The Battle of Talikota (January 26, 1565), a watershed battle fought between Vijayanagar and the Hindustani Raj against the Deccan sultanates, resulted in a rout of the Deccan sultanates, and ended the last great Muslim resistance in South India.
The throne of the Vijayanagara Empire had passed from Achyuta Raya, upon his death, to Rama Raya. Until now, the sultanates had been involved in conflicts with each other, but intermarrying helped resolve decades of conflict with the region. Vijayanagar was seen to be the greater enemy, one that would have to be destroyed at all costs if the sultanates were to ever hope to become the foremost power in South India. Thus preparations and planning soon began within the Sultanate to break the last bastion of Hindu power in the south.
On the other hand, the once great kingdom of Vijayanangar had seen better days but saw hope in the Hindustani Raj. They asked for an alliance, and Hemu was compelled to say yes to a Hindu kingdom which desperately needed allies. Something that the Vigayanagar Empire desperately needed was cannons, which were in plentiful supply in the Hindustani Raj.
By December 29, 1564 the first battles broke out. Qutb Shah and Nizam Shah, who were great friends, decided to go on their own first and led their divisions to clash with Tirumala's division. The Hindu army inflicted a huge defeat on the Muslims and the sultans fled in disarray losing thousands of men in the encounter. The sultans were shaken by this encounter and asked Adil Shah to forget previous arguments and stand by them for the intended Hindu counterattack. The sultans met secretly and decided that the only way to succeed was to resort to stratagem. Nizam Shah and Qutb Shah decided to parlay with the mighty Raya who was now planning a massive counter-thrust into the Muslim flanks. At the same time Adil Shah sent a false message to the Hindu commander that he wished to remain neutral. While this was going, on messengers from the sultans went to the Muslim commanders in the Vijayanagaran army and appealed to their religious duty of Jihad and secured their alliance to launch a subversive attack. As a result of these parlays, Ramaraya delayed his counter-thrust giving a small but critical time window for the Muslims to regroup. Sultan Imad Shah of Berar made the first thrust by attacking Tirumala's division guarding the Krishna ford. Tirumala fell upon him with his full force and in short but intense encounter destroyed the sultan's army and sent him flying for life. However, the euphoria of this victory proved short-lived as the sultans Nizam Shah, Qutb Shah, Barid Shah on one side and Adil Shah on the other used this distraction to cross the Krishna and attack the main Hindu divisions.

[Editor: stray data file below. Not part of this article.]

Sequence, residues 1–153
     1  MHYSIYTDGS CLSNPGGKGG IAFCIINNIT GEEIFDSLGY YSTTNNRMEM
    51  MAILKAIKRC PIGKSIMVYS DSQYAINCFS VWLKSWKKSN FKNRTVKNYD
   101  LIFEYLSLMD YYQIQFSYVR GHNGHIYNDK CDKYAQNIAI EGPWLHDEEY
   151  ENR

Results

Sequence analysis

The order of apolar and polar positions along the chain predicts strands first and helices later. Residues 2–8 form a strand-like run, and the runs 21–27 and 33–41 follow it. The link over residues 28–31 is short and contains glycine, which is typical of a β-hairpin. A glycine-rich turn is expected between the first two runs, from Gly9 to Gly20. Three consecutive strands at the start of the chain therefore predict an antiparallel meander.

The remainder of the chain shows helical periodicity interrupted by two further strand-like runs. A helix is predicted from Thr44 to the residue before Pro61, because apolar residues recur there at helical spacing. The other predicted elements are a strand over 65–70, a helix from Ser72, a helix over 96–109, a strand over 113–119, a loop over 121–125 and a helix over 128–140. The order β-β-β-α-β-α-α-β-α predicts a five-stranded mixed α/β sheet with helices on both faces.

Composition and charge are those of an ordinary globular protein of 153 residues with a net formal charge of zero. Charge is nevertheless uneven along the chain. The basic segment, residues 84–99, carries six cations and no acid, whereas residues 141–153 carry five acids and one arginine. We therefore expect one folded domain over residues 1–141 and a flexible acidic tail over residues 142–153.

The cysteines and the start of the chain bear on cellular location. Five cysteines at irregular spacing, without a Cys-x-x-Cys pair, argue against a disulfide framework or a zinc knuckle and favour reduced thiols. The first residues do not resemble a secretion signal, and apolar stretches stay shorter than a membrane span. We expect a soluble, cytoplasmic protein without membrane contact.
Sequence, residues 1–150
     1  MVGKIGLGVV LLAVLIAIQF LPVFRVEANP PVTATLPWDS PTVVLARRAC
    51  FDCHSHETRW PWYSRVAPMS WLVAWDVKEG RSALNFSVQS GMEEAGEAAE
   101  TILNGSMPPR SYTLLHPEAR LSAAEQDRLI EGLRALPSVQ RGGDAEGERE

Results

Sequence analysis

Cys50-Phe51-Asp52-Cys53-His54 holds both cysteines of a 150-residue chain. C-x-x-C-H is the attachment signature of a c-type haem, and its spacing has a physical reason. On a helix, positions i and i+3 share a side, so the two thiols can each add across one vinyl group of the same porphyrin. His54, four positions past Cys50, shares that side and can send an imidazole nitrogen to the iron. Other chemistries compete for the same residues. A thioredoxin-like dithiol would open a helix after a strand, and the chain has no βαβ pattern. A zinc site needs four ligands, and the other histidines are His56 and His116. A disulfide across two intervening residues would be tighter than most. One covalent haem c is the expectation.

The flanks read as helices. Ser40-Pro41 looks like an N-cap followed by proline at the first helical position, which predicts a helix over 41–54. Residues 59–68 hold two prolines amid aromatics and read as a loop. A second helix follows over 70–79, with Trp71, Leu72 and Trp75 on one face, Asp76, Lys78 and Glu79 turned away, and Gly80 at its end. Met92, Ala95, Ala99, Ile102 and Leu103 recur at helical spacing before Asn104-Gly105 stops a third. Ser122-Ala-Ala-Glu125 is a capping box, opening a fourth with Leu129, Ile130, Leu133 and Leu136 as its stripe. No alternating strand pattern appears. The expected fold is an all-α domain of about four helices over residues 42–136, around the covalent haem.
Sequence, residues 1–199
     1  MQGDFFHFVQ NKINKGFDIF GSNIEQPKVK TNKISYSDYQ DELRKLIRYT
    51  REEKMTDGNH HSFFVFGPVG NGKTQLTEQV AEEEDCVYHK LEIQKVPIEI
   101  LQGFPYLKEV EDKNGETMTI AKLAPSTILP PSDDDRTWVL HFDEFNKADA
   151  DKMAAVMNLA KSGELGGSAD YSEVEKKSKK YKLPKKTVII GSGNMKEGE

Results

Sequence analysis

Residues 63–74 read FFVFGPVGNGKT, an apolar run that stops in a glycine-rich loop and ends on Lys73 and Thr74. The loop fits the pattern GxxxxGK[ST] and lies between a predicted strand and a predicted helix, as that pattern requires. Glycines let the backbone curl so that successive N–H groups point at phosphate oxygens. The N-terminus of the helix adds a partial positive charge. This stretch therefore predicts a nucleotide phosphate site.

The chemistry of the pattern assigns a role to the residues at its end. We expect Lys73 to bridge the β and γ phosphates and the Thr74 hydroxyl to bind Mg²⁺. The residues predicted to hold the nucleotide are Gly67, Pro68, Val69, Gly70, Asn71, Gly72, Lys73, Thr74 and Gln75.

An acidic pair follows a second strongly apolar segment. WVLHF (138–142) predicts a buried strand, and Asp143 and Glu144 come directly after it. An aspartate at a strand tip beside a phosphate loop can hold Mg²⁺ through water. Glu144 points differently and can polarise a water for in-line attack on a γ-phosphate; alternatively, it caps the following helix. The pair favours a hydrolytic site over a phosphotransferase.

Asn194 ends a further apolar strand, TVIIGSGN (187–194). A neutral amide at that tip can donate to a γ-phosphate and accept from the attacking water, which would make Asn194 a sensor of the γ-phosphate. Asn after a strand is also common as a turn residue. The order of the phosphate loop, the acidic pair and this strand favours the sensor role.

Ramaraya, though thoroughly surprised, rapidly responded. Despite his advanced age (in the 70s) he decided to personally lead the Hindu armies and took to the field in the center. He was faced by Nizam Shah's division. Ramaraya's first brother Tirumala hurriedly returned to form the left wing of the Hindu army that was countered by Adil Shah and traitorous Hindus under the Maharatta chief Raja Ghorpade. His second brother Venkatadri formed the Hindu right wing that was opposed by Qutb Shah and Barid Shah, strengthened by Nizam Shah's auxiliaries as the battle progressed. On 23rd Jan 1565 the enormous armies clashed on the plains near the villages of Rakshasi and Tangadi. Several reports claimed that over a million men were involved in this historic clash. Venkatadri struck early and within the first two hours the Hindu right wing's heavy guns fired constantly on the ranks of Barid Shah. As the ranks were softened the Hindu infantry under Venkatadri plowed through the divisions of Barid Shah annihilating them. The assault was so vigorous that it looked like a Hindu victory was imminent. Qutb Shah too was in retreat, when Nizam Shah sent his forces to shore up the ranks of the sultans. Nizam Shah himself was then pressed hard by the heavy cannonade from Ramaraya's division and was facing a Hindu infantry thrust with Ramaraya at the helm. At this point the sultans signaled to the Muslim officers in the Vijayanagaran army to launch a subversive attack. Suddenly Ramaraya found his rear surprised by the two Muslim divisions in his ranks turning against him. About 140,000 Muslim troops had opened a vigorous rear attack on the Hindus and captured several artillery positions.